A complete guide to Small Business Administration - SBA Disaster Loan Program

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Business Loan SBA Loan Disaster Loan

What is the SBA Disaster Loan Program?

SBA disaster loan is a low-interest rate with long-term business loans available to business owners, homeowners, and renters who need affordable funding after a declared disaster.

In response to the Coronavirus (COVID-19) pandemic, small business owners in all U.S. states can apply for an Economic Injury Disaster Loan.

The EIDL program provides economic relief to businesses currently experiencing a temporary loss of revenue due to COVID-19 or other declared disasters.

In this guide, we dive into the details of Small Business Administration SBA disaster loans, including the different types, who qualifies, and how you can apply for one in your business time of need.

Who can apply for Disaster Loan Program

For-profit, nonprofit, homeowner, and renters located in a declared disaster area and suffered a substantial economic injury are eligible for an SBA Economic Injury Disaster Loan (EIDL) or SBA Disaster Loan Program.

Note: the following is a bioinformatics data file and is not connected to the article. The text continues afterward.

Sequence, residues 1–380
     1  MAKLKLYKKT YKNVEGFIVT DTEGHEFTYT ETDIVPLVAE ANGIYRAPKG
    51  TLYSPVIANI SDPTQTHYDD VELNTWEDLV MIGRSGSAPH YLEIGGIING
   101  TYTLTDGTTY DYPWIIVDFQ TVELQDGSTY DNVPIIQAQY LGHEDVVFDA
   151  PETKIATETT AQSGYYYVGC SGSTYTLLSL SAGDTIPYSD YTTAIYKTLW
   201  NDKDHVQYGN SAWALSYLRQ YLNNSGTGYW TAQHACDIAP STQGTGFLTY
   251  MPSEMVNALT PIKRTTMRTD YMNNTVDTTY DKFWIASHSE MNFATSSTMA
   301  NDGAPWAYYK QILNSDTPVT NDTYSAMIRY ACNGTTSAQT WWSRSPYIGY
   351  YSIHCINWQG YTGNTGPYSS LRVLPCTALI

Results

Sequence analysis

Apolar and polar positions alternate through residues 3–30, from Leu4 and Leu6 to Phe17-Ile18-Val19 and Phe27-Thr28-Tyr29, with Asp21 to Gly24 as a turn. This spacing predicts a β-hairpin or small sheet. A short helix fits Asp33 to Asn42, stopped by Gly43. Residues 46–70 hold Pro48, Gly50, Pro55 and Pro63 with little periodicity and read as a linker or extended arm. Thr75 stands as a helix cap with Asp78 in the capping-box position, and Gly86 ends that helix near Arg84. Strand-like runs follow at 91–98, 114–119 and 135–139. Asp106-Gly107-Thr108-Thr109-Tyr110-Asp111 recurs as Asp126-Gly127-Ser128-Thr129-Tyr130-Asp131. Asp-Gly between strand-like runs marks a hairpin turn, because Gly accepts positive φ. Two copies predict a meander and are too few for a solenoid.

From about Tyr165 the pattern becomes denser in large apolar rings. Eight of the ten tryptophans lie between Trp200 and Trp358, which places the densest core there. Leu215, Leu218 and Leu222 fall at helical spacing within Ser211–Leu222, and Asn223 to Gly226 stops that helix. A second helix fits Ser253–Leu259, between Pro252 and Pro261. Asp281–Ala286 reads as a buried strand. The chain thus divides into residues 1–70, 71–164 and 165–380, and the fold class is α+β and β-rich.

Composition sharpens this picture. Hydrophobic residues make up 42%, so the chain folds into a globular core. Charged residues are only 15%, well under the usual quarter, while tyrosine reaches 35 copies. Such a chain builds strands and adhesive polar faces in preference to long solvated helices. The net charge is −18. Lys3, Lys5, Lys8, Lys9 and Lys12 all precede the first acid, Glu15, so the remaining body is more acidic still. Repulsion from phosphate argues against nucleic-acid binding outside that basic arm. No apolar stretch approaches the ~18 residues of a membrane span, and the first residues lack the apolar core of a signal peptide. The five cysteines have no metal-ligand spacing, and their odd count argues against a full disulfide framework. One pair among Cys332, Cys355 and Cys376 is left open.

With this type of SBA disaster loan, you can acquire funding to repair or replace your primary residence or other personal property damaged or destroyed in a disaster.

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For more detailed eligibility requirements, please fill up this application or call @ +1 (888) 885-0007 for more information.

3 Years
1 Year

To apply, you will provide a handful of information and documents about your business and yourself.

What is the cost of the disaster loan program?

Loan rates are fixed for the complete term of the loan and may vary from disaster to disaster with market conditions. Currently, rates vary from approximately 3% to 6%.

  • 3.75% for businesses (fixed).
  • 2.75% for nonprofits (fixed).
  • 30 years
  • No pre-payment penalty or fees
  • Required for loans over $25,000
  • SBA uses a general security agreement (UCC) designating business assets as collateral, such as machinery and equipment, furniture and fixtures, etc.


If you’ve been impacted by the COVID-19 pandemic, learn more about COVID-19 Loan Programs.

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